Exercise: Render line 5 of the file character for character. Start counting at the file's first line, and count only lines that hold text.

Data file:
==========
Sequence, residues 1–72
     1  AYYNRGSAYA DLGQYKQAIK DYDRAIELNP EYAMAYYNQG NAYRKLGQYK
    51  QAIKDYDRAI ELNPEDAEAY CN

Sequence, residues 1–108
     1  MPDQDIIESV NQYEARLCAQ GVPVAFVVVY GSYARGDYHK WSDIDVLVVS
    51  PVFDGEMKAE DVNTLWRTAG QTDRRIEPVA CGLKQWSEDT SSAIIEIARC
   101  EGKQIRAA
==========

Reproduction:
     1  MPDQDIIESV NQYEARLCAQ GVPVAFVVVY GSYARGDYHK WSDIDVLVVS